1. Unarmed mediation and intervention teams

Unarmed but trained people, often formerly violent offenders themselves, patrolling their neighborhoods to curb violence right where it starts. This is real and it exists in cities from Detroit to Los Angeles. Stop believing that police are heroes because they are the only ones willing to get in the way of knives or guns – so are the members of groups like Cure Violence, who were the subject of the 2012 documentary The Interrupters. There are also feminist models that specifically organize patrols of local women, who reduce everything from cat-calling and partner violence to gang murders in places like Brooklyn. While police forces have benefited from military-grade weapons and equipment, some of the most violent neighborhoods have found success through peace rather than war.

  1. The decriminalization of almost every crime

What is considered criminal is something too often debated only in critical criminology seminars, and too rarely in the mainstream. Violent offenses count for a fraction of the 11 to 14 million arrests every year, and yet there is no real conversation about what constitutes a crime and what permits society to put a person in chains and a cage. Decriminalization doesn’t work on its own: The cannabis trade that used to employ poor Blacks, Latinos, indigenous and poor whites in its distribution is now starting to be monopolized by already-rich landowners. That means that wide-scale decriminalization will need to come with economic programs and community projects. To quote investigative journalist Christian Parenti’s remarks on criminal justice reform in his book Lockdown America, what we really need most of all is “less.”

  1. Restorative Justice

Also known as reparative or transformative justice, these models represent an alternative to courts and jails. From hippie communes to the IRA and anti-Apartheid South African guerrillas to even some U.S. cities like Philadelphia’s experiment with community courts, spaces are created where accountability is understood as a community issue and the entire community, along with the so-called perpetrator and the victim of a given offense, try to restore and even transform everyone in the process. It has also been used uninterrupted by indigenous and Afro-descendant communities like San Basilio de Palenque in Colombia for centuries, and it remains perhaps the most widespread and far-reaching of the alternatives to the adversarial court system.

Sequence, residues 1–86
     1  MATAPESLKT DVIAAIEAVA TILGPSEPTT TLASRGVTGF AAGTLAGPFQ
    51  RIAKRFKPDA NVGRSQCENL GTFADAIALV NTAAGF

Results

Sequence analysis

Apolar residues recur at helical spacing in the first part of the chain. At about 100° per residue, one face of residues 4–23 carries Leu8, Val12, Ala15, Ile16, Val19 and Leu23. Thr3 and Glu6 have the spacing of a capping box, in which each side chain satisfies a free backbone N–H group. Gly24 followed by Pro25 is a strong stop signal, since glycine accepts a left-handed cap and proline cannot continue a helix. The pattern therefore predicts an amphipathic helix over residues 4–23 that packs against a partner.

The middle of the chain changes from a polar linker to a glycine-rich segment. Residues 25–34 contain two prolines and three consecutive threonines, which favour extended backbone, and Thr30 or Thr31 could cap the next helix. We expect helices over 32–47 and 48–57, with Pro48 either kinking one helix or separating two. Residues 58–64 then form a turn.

1. Direct democracy at the community level

Reducing crime is not about social control. It’s not about cops, and it’s not a bait-and-switch with another callous institution. It’s giving people a sense of purpose. Communities that have tools to engage with each other about problems and disputes don’t have to consider what to do after anti-social behaviors are exhibited in the first place. A more healthy political culture where people feel more involved is a powerful building block to a less violent world.

  1. Community patrols

This one is a wildcard. Community patrols can have dangerous racial overtones, from pogroms to the KKK to George Zimmerman. But they can also be an option that replaces police with affected community members when police are very obviously the criminals. In Mexico, where one of the world’s most corrupt police forces only has credibility as a criminal syndicate, there have been armed groups of Policia Comunitaria and Autodefensas organized by local residents for self-defense from narcotraffickers, femicide and police. Obviously these could become police themselves and then be subject to the same abuses, but as a temporary solution they have been making a real impact. Power corrupts, but perhaps in Mexico, withering power won’t have enough time to corrupt.

  1. Here’s a crazy one: mental health care